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Life in a flooded tent city

I’m hopping a plane today. And, along with a small team of bloggers, I’ll spend the rest of the week in Haiti.  As we go we’re asking the question, “What is life like in a Haitian tent city now that the rainy season has arrived?” Benny Veale tells us in this blog:   At Pastor Brevyl I…
By Seth Barnes
By Seth Barnes
I’m hopping a plane today. And, along with a small team of bloggers, I’ll spend the rest of the week in Haiti.  As we go we’re asking the question, “What is life like in a Haitian tent city now that the rainy season has arrived?” Benny Veale tells us in this blog:
 

At Pastor Brevyl Innocent’s church I kept getting distracted by looking out the
door. This is what I saw across the street.

 

A week before, one of my translators made a
comment about “middle class tent communities.”

The more I
thought about the statement, the more I realized in an odd way it’s
true.

 
There are higher, middle and lower class tent communities.
 

 

Under that are tarp communities

However, under that there are bed sheet
communities
.

 
Some of these people live in parks, in street medians, on
old garbage dumps or really any where they can find. These communities
have “houses” made of sticks and bed sheets. They’ll literally rip
pieces off of their bed sheets to use as strings to tie the rest of the
bed sheet to the sticks that make up their house. They’ll dig through
the garbage to find the next best thing to build with. You would be
surprised at the ingenuity of some through this process.
 
However, the truth of their condition still
remains. The winds are coming more frequently and they are bringing the
rain spreading the diseases and bringing the
mosquitoes…

 
 
 
Those
that have found rocks to make a bed find themselves sleeping on ground
not completely sopping wet.

 

 
 
 
 
Those lucky
enough to find some cardboard, might even have somewhat of a cushion on
these rocks or broken pieces of rubble.
 

 
 
Then there are those
who just have mud or cardboard to work with and hope that they can
weather the storm.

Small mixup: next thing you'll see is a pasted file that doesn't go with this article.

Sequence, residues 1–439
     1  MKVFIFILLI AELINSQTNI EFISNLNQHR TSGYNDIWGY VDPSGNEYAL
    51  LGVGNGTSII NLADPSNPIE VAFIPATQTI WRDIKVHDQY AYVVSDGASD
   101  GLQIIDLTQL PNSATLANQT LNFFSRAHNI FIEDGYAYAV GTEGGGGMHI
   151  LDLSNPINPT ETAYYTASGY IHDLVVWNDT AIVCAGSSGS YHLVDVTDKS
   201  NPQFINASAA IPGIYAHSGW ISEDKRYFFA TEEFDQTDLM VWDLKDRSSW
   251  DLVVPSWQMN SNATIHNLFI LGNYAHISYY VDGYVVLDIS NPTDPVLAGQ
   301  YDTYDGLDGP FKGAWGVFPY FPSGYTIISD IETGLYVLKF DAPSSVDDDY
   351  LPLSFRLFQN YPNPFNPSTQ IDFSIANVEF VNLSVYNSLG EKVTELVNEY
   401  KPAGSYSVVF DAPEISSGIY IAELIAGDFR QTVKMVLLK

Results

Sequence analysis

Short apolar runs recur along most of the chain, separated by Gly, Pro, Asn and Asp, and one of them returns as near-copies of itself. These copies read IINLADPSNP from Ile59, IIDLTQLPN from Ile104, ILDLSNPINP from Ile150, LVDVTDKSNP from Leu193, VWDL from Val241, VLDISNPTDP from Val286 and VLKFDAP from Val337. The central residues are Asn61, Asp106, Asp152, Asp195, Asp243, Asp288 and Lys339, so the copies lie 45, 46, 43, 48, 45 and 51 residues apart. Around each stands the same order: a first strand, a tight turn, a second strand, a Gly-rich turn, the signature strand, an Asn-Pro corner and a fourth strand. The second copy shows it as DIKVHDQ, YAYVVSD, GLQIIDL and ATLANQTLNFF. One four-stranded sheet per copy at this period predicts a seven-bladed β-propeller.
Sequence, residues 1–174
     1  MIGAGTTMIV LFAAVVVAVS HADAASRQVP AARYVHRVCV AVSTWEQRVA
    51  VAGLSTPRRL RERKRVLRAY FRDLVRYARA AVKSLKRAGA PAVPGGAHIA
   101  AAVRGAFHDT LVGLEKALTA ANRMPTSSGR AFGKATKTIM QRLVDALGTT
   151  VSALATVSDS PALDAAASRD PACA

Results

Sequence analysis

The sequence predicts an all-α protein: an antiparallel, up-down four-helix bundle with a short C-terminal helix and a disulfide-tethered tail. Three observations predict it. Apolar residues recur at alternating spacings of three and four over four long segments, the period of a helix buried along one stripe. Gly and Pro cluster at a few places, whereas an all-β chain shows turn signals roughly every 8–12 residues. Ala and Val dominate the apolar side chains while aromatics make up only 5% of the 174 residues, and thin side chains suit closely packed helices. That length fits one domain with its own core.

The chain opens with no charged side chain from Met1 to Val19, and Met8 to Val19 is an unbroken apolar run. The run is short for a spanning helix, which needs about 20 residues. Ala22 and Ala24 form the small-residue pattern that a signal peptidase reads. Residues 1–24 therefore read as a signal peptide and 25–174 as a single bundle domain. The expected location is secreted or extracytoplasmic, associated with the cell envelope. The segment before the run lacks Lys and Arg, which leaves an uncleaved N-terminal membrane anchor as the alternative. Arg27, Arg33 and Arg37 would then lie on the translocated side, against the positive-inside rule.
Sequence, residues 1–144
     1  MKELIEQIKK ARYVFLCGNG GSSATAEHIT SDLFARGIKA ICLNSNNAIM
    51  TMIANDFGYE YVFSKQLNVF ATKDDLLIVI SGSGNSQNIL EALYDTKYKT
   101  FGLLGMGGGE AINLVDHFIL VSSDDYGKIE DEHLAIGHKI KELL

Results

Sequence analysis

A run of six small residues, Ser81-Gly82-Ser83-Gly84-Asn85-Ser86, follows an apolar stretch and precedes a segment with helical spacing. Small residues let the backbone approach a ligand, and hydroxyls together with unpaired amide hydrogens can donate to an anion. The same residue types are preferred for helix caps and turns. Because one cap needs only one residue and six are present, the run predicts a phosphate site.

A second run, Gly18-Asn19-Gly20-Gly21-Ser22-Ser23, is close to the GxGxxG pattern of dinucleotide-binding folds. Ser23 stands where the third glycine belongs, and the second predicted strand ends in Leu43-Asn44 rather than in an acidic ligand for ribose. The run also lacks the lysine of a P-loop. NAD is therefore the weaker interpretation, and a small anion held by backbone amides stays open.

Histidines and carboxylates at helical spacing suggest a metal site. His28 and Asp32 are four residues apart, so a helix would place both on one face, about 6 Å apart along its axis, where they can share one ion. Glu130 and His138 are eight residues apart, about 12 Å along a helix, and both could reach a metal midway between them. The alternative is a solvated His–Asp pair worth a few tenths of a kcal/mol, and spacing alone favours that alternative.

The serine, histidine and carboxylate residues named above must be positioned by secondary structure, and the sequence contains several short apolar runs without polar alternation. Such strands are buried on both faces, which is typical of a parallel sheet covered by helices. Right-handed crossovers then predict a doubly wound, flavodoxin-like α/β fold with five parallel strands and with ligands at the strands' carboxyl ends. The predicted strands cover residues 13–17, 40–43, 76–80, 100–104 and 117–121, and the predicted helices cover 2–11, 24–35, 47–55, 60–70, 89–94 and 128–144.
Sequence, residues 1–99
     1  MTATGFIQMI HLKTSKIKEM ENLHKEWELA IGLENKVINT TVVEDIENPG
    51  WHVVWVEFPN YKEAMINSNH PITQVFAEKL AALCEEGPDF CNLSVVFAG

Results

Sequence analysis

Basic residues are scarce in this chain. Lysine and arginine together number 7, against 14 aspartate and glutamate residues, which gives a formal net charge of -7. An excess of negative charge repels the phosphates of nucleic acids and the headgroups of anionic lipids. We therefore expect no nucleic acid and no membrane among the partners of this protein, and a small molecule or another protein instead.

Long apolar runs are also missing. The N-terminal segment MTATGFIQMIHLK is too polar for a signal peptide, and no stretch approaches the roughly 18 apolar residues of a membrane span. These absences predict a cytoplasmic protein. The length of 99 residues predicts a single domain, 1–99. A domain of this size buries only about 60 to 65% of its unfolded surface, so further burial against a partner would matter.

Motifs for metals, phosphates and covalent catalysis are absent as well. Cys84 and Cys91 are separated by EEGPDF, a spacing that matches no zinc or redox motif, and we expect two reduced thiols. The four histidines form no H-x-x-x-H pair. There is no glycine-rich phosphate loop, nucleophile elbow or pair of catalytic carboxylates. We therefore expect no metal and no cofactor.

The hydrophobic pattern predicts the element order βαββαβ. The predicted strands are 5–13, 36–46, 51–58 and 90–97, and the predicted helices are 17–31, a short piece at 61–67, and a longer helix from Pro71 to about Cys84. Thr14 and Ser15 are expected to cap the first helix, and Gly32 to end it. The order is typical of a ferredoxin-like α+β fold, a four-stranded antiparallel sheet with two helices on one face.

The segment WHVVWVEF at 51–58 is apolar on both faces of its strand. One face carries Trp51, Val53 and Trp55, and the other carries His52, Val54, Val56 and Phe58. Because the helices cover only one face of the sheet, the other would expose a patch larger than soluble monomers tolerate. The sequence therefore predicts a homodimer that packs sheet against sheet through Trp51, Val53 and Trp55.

We took these pictures this month, four months
after the earthquake. This community still hasn’t received a tarp or
help from an organization.
 
 
 
Here are the facts:

There are 3,462 people that live in
this community.
They live in 577 “shelters” …not to the tarp or tent level yet.
That means that each of the little shelters above on average houses 6 people.
The name of this
community is Ktadb and
they need your help.

Please pray for the leader of the
community and the pastor who lives nearby.

Pastor Brevyl
Innocent
is on the left

Alcindor
Jn.
Samson,
the village leader is on the right

If you are led to donate money to get
resources and food to this community, or if you would like to go
yourself to Haiti to help out, you can click here:

(To get
money to Ktadb specifically, you’ll have to write “for Ktadb”
on the memo of your check or on a note with your payment.)

Comments (4)

  • Can’t wait to read the blogs you and your team will be sending out. anticipating our return to Haiti later in the year. will probably wait til after the rainy and hurricane season, not because I want to, but that’s what our church has decided. thanx for going now.
    db

  • Oh Seth, my prayers are with you and the team!

    Thank you for being strong enough to make the trip and touch those who need you. May the Abba be with you in the house and lift you up with all that you touch!

  • Seth thank you for this update. I pray for you and the team daily and seeing the need helps me know how to pray and give.

  • I love the people in this community. I’m going to tell people about the conditions that they are living in, in hopes that people will be moved to continue supporting Haiti.

    I asked one of the translators how people are placed in one “shelter” community rather than another(I did not get a clear answer). Do you know why or how some people end up in the higher class communities rather than the bedsheet ones?

Comments are closed.

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Seth Barnes

I'm motivated to join God in his global reclamation project. He's on the move, setting his sons and daughters free from their places of captivity. And he's partnering with those of us who have been freed to go and free others.



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